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Liberty Global explains how it achieves a ‘real TV experience’ within IP dynamic ad insertion

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Liberty Global has been explaining how it achieves a ‘real TV experience’ for consumers when conducting advertising insertion into adaptive bit rate IP video streams – something that requires service providers and broadcasters to overcome a range of technical challenges, not least the need to perfectly match advertising streams to the content they are being inserted into and the devices they are being played on. Liberty Global has spent years mastering ad insertion in the IP domain and avoiding audio discrepancies and language errors, as well as buffering, when transitioning between either linear TV or VOD content and advertising breaks.

The company was speaking during the recent Videonet webcast titled ‘Overcoming the Top 5 challenges in server-side IP ad insertion’ and Keith Wigmore, Director, Technology Division at Liberty Global, explained how his team has architected a solution that, among other things, transcodes ads to create a super-set of ad video profiles covering SD up to UHD that are matched to the content stream being requested by a client device.

Liberty Global is using the Manifest Delivery Controller (MDC) from CommScope as the basis for its IP dynamic ad insertion and this technology recognises devices, understands their video requirements and selects the optimal advertising ABR profile for the content. “If the entertainment content is in UHD you are not going to get an advertisement that is in SD,” Wigmore pointed out.

Matching the video resolution and quality of the entertainment content with its advertising is just one of many challenges. Ensuring the audio standards used in the ads match the audio in the programming is another. During an hour long discussion, which you can hear on-demand, Wigmore also explained how the MDC helps to avoid language mismatches between programming and the ads inserted into it. This is important for Liberty Global, working across multiple European territories.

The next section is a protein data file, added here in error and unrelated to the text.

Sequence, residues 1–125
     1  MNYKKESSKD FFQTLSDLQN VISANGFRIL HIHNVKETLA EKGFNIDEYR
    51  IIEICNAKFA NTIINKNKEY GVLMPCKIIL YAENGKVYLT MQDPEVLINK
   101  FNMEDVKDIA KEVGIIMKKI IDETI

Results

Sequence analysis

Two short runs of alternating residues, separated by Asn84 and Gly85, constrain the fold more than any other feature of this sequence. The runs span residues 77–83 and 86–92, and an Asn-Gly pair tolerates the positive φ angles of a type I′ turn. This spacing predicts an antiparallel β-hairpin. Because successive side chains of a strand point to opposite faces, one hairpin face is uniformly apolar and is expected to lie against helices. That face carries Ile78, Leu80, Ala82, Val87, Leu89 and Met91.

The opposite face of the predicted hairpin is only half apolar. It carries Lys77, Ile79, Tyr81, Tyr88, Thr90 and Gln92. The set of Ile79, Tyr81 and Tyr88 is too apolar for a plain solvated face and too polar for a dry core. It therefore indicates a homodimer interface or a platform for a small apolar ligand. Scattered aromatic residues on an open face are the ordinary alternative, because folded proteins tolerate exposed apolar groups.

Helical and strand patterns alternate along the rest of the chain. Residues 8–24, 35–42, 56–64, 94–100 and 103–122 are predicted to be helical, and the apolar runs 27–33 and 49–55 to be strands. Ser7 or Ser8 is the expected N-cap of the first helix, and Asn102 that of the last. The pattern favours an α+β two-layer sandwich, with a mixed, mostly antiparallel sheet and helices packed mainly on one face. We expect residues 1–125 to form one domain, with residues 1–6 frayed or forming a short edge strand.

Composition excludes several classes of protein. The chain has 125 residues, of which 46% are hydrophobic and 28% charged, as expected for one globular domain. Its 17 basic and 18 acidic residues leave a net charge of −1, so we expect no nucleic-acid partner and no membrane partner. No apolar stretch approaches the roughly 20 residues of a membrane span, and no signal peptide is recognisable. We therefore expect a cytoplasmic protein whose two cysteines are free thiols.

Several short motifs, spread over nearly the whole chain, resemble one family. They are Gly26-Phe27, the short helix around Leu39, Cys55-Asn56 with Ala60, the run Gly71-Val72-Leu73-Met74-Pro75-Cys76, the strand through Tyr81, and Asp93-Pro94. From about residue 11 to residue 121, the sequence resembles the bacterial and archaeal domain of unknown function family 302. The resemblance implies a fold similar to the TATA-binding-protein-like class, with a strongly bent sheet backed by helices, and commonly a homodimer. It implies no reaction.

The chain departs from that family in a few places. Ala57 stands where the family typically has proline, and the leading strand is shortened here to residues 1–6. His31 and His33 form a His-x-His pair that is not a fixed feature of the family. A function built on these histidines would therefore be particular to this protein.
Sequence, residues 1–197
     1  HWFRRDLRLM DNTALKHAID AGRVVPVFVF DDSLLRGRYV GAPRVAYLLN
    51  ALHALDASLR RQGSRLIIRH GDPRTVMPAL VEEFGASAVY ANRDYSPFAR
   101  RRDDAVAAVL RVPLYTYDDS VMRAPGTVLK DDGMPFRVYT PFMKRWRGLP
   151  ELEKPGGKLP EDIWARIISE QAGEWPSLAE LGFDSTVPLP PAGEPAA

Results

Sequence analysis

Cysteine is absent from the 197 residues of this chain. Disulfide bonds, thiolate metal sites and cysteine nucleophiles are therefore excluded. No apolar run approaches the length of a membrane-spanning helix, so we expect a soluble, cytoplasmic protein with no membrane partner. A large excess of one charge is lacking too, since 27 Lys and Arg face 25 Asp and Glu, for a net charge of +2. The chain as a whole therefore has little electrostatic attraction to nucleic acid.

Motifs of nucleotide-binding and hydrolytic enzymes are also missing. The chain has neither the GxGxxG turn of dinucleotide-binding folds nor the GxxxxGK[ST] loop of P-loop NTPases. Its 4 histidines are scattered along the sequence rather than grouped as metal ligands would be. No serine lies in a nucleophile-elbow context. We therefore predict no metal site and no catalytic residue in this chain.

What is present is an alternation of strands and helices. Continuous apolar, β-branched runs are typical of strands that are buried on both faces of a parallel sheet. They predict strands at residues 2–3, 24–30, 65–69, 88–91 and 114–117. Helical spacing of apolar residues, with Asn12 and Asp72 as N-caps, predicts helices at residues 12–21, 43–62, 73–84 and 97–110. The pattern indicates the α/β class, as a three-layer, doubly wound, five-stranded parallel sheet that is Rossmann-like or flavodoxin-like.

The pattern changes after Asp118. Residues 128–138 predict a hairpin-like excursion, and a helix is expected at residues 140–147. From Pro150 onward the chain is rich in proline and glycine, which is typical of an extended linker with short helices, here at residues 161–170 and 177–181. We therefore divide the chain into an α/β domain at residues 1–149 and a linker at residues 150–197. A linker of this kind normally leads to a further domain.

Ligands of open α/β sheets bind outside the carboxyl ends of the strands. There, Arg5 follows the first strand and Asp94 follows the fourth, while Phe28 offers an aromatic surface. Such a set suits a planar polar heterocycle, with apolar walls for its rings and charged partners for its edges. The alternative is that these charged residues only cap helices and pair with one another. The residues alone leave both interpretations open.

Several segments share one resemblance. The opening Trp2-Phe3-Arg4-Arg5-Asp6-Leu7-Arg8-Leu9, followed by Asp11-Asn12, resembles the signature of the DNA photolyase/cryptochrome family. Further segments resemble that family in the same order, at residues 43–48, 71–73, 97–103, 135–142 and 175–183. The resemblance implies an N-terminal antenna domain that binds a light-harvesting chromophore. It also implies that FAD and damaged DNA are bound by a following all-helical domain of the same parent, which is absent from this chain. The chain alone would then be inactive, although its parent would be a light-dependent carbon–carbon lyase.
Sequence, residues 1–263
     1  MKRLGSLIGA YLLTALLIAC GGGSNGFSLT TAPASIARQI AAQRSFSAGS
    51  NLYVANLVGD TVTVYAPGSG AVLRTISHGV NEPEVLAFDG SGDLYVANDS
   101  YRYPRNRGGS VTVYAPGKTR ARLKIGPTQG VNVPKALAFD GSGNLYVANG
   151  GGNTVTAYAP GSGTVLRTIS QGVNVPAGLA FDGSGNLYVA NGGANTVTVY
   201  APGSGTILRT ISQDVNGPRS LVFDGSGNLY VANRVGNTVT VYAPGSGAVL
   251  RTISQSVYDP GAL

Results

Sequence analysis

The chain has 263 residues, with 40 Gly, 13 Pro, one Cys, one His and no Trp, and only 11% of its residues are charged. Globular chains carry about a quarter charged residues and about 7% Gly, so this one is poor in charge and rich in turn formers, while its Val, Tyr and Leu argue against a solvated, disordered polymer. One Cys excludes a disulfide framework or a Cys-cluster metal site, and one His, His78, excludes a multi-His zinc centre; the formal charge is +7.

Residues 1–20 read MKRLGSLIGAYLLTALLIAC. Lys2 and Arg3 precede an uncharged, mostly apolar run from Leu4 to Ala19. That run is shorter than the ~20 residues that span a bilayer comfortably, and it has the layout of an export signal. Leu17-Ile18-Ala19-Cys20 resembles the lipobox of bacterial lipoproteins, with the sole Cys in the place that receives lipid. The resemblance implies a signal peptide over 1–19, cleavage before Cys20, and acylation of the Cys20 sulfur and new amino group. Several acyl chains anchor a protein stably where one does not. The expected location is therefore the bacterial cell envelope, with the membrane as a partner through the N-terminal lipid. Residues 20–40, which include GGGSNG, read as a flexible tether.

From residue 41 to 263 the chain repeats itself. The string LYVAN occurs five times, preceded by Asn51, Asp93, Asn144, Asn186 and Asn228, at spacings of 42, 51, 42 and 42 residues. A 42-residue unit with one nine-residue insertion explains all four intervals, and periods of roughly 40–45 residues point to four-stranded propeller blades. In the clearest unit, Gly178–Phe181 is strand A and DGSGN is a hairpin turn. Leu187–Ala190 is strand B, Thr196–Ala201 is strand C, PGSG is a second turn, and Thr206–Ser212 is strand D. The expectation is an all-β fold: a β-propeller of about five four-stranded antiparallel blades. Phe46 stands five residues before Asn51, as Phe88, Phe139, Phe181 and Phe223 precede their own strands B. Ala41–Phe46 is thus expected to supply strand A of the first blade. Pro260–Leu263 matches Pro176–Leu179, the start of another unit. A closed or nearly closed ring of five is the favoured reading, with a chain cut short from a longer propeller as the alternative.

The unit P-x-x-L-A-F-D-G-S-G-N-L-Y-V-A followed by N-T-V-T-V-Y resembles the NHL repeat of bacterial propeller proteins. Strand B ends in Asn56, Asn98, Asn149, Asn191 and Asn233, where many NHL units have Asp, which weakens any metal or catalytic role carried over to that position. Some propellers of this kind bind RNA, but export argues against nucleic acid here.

“Smooth language transition [between programming and ads] is another key part of delivering a real TV experience,” he commented. “You may have English language programming with ads in local language like Dutch or Belgian and we have seen instances where the player falls over and stops streaming because of language switching.”

He is referring to some specific HLS environments and a problem that is overcome by MDC, which manipulates the language on-the-fly to ensure the streams play properly and languages are always consistent.

Dave Romrell, Engineering Fellow, Advance Research Group at CommScope, picked up on this point. “We have seen some clients [devices] that have selected Dutch language [for the programming], then switch to English [for the ads] and then, when they come out of the ad break, they keep playing English audio on the programming. We can solve this. Even though the ads may not have Dutch language audio, we can make them appear as Dutch language to the client, so the client does not ‘see’ a language transition [and so the programme continues in Dutch after the break].

This was one of many practical considerations outlined during the webcast, which you can listen to (with accompanying slides) here.

Matt Bailey, Senior Analyst, Advertising & Games at Omdia, the research company that is part of Informa, also provided insights on the macro trends that are driving the industry towards more IP based advertising and therefore more server-side ad insertion. He pointed out that spend on digital advertising (driven by search and display) has already surpassed television advertising spend, but there is another big milestone ahead.